More misery ahead for Greeks as economy set to shrink again
By Jeremy Gaunt
LONDON (Reuters) - Any Greeks hoping their days of economic pain are over following the latest bailout agreement with international lenders should look to the dire projections from Europe's three main institutional forecasters for a reality check.
The European Commission, the OECD and the EBRD all say Greece is heading into recession again this year and next, sinking back into the mire after last year's positive reading ended a six-year depression.
The light at the end of the tunnel, all three say, may be some growth returning during next year - but it is highly dependent on economic and banking reform.
There will be arguments about why Greece remains in such a state - from accusations in Athens that lender-imposed austerity has crushed the life out of the economy to gripes from Brussels that Prime Minister Alexis Tsipras's leftists wasted what improvements had been achieved.
The two sides are again at loggerheads - albeit possibly temporarily - over reforms and bailout cash, with the added complexity that Tsipras does not want to see indebted Greeks lose their homes while the country is providing food and housing for thousands of asylum-seekers.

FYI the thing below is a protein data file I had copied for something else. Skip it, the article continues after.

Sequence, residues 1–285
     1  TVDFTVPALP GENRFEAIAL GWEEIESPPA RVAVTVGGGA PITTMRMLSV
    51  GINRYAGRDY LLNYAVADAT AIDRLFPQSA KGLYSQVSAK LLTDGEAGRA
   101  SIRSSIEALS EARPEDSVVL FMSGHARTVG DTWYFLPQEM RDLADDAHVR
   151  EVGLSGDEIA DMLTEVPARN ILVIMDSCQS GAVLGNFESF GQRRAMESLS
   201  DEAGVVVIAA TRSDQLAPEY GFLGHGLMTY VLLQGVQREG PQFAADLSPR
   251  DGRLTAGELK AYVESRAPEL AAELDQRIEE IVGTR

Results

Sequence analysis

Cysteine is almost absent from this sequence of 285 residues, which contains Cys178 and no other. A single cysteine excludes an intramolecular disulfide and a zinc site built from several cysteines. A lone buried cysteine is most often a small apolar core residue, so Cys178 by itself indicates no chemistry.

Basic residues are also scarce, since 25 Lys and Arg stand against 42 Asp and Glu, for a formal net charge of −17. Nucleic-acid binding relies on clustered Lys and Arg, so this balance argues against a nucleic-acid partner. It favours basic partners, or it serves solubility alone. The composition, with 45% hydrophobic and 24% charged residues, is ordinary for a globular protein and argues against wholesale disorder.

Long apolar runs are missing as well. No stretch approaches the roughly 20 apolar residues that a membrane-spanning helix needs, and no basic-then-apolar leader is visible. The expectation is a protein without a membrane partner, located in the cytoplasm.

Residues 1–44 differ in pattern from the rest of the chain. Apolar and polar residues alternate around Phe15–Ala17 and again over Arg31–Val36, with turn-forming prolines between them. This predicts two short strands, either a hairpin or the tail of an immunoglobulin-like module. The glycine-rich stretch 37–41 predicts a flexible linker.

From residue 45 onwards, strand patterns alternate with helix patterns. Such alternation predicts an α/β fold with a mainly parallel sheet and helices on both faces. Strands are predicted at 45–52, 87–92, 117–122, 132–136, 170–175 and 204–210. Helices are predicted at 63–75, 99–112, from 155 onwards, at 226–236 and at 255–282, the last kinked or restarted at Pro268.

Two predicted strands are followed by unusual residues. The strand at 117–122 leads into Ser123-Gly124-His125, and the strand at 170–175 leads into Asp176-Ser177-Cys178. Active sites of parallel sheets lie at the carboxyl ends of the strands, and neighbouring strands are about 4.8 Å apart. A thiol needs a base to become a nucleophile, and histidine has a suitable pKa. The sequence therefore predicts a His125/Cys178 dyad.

But there is no disagreement among the forecasters about the direction the Greek economic is heading.
Both the Commission and the OECD (the Organisation for Economic Co-operation and Development) see a 1.4 percent contraction this year, while the EBRD (the European Bank for Reconstruction and Development) sees 1.5 percent.
This is particularly severe given the first half of the year saw growth of 1 percent, put down to Greeks running out to buy durable goods ahead of a threatened "Grexit" from the euro zone. Continued...